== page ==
Five years after City Lights, The Tramp showed up again in Modern Times, another stubborn wordless classic, and later again in the less impressive Gold Rush. In 1940, Chaplin offered up the mostly wordless The Great Dictator, finishing that film with a monologue that showcased his voice’s lack of cinematic power and his message’s preachy incompatibility with the talkie form. By any practical measure, City Lights was Chaplin’s (and The Tramp’s) last great film. And it was also the most Chaplin film Chaplin ever made.

Beyond composing of the film’s music and spending so much of his own fortune on the project, Chaplin, according to everything written about the film since, was obsessive in his takes and retakes, replaced actor Henry Clive with Harry Myers, and then even threatened to replace his co-star Virginia Cherril after filming had started, going so far as screen testing Georgia Hale before changing his mind. But it was even more than that. The work now stands as Chaplin’s most emboldened articulation of the humanity of his little hero and his commitment to his own singular style of graceful slapstick.  City Lights contains both the most heartfelt moment (the aforementioned final scene) and, in my mind, the most engaging comedic routine (the prize fight sequence) of his entire filmography. If Chaplin’s aforementioned manipulation of sound is evidence that the artist had accepted his form’s eventual demise, then every other element of the same film suggested he was determined to present the height of that form’s potential. And that he did.

In the same subsequent decades that saw the silent film go by the wayside, the wave of global socio-political instability pushed a strange post-war culture shift in America, one which lead to a not-so-warm public re-evaluation of Chaplin’s passively presented film politics. Peripheral to that unofficial trial, Chaplin also fell out of public favor because of his rumored and revealed relationships with and interest in young women. Though he had once taken great care to cleanly segment his public-facing self into a fictional character, by the middle of the century, Charlie Chaplin was a physical manifestation of his own prophetically symbolic imagery, a fallen icon hanging by his britches from a gaudy statue of commemoration, on display to the embitterment and amusement of everyone at Town Square.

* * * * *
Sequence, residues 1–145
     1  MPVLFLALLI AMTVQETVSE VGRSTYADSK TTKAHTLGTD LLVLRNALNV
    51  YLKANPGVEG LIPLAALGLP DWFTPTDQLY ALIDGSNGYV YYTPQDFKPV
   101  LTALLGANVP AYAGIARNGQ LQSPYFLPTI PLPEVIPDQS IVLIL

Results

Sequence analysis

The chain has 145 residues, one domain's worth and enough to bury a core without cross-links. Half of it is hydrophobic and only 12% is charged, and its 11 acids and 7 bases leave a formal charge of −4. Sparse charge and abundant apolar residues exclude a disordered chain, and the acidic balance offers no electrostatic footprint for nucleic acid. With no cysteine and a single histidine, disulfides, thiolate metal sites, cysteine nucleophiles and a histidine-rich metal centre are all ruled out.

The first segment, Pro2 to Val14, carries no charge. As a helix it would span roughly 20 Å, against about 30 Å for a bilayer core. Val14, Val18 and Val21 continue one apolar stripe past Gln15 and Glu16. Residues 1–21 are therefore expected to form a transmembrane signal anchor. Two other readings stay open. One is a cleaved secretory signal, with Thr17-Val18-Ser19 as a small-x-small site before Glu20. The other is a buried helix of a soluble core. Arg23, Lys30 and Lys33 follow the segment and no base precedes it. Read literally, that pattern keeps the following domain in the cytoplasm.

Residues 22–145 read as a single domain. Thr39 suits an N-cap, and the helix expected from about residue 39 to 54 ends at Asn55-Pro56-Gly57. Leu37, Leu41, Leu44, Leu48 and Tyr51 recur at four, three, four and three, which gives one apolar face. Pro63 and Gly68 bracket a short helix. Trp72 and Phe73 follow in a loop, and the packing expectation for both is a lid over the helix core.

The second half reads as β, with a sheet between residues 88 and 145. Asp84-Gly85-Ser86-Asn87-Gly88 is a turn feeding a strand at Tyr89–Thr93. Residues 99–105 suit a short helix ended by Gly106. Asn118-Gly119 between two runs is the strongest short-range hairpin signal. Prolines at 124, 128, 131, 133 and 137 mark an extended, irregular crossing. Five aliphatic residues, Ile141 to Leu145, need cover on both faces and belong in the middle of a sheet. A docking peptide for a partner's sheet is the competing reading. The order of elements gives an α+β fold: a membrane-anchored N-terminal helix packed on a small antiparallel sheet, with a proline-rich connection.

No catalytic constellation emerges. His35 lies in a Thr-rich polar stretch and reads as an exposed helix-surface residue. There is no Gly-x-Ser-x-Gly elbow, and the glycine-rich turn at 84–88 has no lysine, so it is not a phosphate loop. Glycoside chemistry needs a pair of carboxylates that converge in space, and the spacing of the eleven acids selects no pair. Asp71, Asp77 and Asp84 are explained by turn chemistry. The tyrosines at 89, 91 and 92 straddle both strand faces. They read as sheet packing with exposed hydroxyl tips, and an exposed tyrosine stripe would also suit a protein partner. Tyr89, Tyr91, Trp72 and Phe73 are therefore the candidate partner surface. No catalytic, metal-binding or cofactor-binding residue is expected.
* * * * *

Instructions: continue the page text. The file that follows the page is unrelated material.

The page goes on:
United Artists

United Artists

Recently, I watched the finale of the second season of the television program Fargo on F/X. In that episode, Sheriff Hank Larsson (played by Ted Danson) explains in a moment of familiar vulnerability that he has taken as a hobby the development of a new language, a simpler set of universally recognized characters. Most of the world’s conflicts, Larson explains, are the product of simple miscommunication. This scene is as profound as any committed to any sort of screen, not for the content of Larson’s explanation but for the implied compassion, fear, regret, and shame that might lead that character to have such a benevolent wish. The wish for a simpler, more compassionate language. Likely because I was at the same time planning this very essay, my mind immediately returned to Chaplin. I remembered Chaplin having stated in that aforementioned interview that we “get things so cluttered up.” I thought about what he meant by that, and specifically, I remembered how in the same interview he lamented over his impoverished childhood when he would walk in the streets with his mother, “who was insane, and so weak, staggering from one side to the other as though she were drunk. Those sorts of things.” I thought of all of the artistic machinations and cognitive gears that had to be built to filter that memory, perhaps, into his own cane-supported hobbling ballet, the trademark gait of The Tramp maybe a simpler truth of a complex story.

But the unique combination of permanency and clarity in the film medium establishes cinema—artistic, fictional, or otherwise—as a living historical text documenting both the future and the past. All of the previously discussed truths are today packed into the complex conclusion of City Lights, even if the truths had yet to be born at the time of the movie’s creation and release. From the deconstructed and tainted legacy, to the eventual functional extinction of its cinematic form, to my own adamant interpretative defense in a state university classroom a lifetime later. All of these influences now injure Chaplin’s hope to create a simple language.

Because if a simpler truth is constructed in counter to a more prominent and unpleasant complexity, then the unpleasant complexity is also intrinsically part of that simple truth, which is now no longer simple through the addendum. That’s why, today, when we watch Charlie Chaplin’s City Lights to its final shot, we see a close-up on a single face shared by countless figures, each having had mostly good intentions, having done mostly the right thing, and each realizing his noble failure while sympathetically accepting a compromised reward. We see a single expression of self-consciousness, one pair of hopeful eyes attempting to discover if it was all enough, if he made both the young lady and his once-adoring audience happy enough with what he had to work with. He is a criminal, a clown, and a tramp whose hopeless status and selfless heart has exposed him as human, an artist whose perfected but fading medium has exposed him as human, and a once polished icon planted in the middle of a shifting political culture that has since exposed him as human. And being human is never simple, but being that human is immortal.


Featured Image: United Artists